This page explains how Dialogic allows you to translate timelines and other important parts of your dialogs.

📜 Content

1. What is a translation?

Translation is a Godot and Dialogic 2 feature, allowing you to translate your game into multiple languages.

Sometimes, the word localization is used as well. Localization provides very specific regional considerations for each audience.
This includes not only the translation of the game, but also changes to the game itself to reflect specific cultural differences.

While Dialogic supports the translation of your timeline, it's better to focus on your game first and add translation later.
However, keeping translation and localization in mind is an excellent idea:

  • How will you handle variables?
  • Do you need the glossary?
  • What images do you want to localize?
  • Any features in mind that may complicate translation?


For now, Dialogic supports CSV translation only. Godot itself supports gettext as well.

1.1 What can Dialogic translate?

Dialogic can automatically translate your timelines, character names, and glossary entries.

2. How do I translate timelines?

In Dialogic, head to the Settings tab and take a look under the Translation section. Tick the "Enable Translation" checkbox.


2.1 Setting up translation

Let's walk through the settings! You will have to pick a default locale. This locale must be the language you write the timeline in. Additionally, this locale will be used as a fallback if no translation exists for a given translatable event. The "translation file mode" allows you to store all your timelines into one file (Per Project) or into multiple files (Per Timeline).

Setting up a translation folder is a good idea; it keeps your project clean and allows you to easily find your translation files.

2.2 Writing translations

First and foremost, you will need a timeline file. Dialogic will automatically find and generate CSV files for you after you hit the "Update CSV files" button.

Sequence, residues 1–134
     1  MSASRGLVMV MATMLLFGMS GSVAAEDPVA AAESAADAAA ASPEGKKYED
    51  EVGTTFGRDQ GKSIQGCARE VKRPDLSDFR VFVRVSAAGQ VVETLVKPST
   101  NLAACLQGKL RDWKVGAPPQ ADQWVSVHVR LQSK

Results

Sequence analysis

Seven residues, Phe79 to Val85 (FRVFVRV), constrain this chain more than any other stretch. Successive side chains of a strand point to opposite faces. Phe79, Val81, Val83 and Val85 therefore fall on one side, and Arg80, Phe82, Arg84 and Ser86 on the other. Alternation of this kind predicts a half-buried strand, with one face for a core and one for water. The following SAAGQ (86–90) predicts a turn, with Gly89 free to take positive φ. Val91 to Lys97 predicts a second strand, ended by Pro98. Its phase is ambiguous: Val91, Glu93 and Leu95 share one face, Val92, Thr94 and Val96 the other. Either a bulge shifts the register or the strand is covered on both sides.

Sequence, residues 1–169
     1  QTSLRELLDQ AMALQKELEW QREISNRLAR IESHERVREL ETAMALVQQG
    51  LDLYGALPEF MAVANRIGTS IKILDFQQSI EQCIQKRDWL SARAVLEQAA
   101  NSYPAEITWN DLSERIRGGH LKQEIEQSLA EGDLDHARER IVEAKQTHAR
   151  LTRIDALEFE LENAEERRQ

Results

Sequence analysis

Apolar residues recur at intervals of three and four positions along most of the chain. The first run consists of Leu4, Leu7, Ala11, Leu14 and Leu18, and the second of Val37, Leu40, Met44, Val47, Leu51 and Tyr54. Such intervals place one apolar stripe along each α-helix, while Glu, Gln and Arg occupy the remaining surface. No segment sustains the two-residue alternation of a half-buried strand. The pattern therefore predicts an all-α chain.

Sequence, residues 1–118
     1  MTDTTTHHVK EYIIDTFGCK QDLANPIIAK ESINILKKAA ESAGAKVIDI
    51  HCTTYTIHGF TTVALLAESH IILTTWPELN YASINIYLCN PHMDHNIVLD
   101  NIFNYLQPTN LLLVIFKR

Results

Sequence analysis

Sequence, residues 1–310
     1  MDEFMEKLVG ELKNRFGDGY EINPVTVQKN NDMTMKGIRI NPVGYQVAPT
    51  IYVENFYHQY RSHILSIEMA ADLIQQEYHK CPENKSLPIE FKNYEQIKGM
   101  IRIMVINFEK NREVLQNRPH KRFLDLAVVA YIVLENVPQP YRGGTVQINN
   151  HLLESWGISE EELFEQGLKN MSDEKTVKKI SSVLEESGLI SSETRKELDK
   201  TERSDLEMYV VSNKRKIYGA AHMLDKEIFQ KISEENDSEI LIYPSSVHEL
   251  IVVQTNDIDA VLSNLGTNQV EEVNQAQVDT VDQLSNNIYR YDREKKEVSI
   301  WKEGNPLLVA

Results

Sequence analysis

The CSV format is simple, and you can open it with any spreadsheet software, like Excel or Google Sheets. Even VSCode offers extensions to edit the file.
The gist of CSV files is that each line represents a row, and each column is separated by a comma.

Once Dialogic has generated the CSV file, it may look like this:

Text/1/text,Hello World!"

The keys are locales; the en is the locale code for English. If you choose a different default locale, the locale code will be different.

You can add a new language for your game by adding a new column. The following example added "ja" for Japanese to the first row and translated the text in the second row. Pay attention to the commas!

Text/1/text,Hello World!,こんにちは世界!

That's it! You can now hit "Collect translation," and Dialogic will generate a translation file for you.
The translation file is a specific Godot file. Here is their official documentation: Internationalizing games


In CSV, you use commas to separate columns. However, if you want to use commas inside your text, you will have to wrap your text in quotation marks and escape any nested quotations.


Once you generated translation, if you change the text of a translated unit (text event, character name, or glossary entry), you must generate the translation again.

2.3 The Translation workflow

From now on, whenever you change the CSV file, you can hit "Collect translation" and Dialogic will update the translation files for you.
Once you are done editing your timeline, you will have to hit "Update CSV files" to update the CSV file.

To verify whether your timeline has properly inserted your text into the CSV, you can switch to the timeline Text editor. Obviously, you can check the CSV file too.

Character: Hello world! #id:14
Do you like Visual Novels? #id:15
- Yes, I do! #id:16
- No, I love them! #id:17
That's the spirit! #id:18

The #id tags at the end of each Text Event are the translation IDs. They won't be visible during text display; however,  Dialogic has inserted the text into a CSV file.

2.4 Translating Characters

Characters will be translated if they are part of a timeline. They will always get put into a per-project file. Their name and nick will be translated.

2.5 Translating Glossaries

Glossaries have a reserved property for translation: _translation_id.
They also have a reserved _translation_keys property, mapping translated words to the translation key.

These properties get automatically populated via the "Update CSV files" button.
Entries prefixed with _ (underscore) are considered private and will be ignored. Every other String property will be translated and put into the CSV.


The name and alternatives of a glossary entry must be unique, the same applies for the translated counterparts.
Otherwise, resolving the correct entry will be impossible.

Glossary names or alternatives may not start with Glossary/.

Once translation has been enabled, and you are testing another locale, glossaries won't fall back to the default locale when an entry property has not been translated.

2. Testing translation

If everything went well, you can select a different locale in the "Testing locale" dropdown.
Hit "Play Timeline" or "Run Project" and take a look at the translated text.
This setting is editor-only and may not work in exported projects.

3. Changing the Language

The translation process is handled by Godot!

To change the locale when your game is exported, use the Godot API method on the TranslationServer class:

# Japanese's language code is "ja"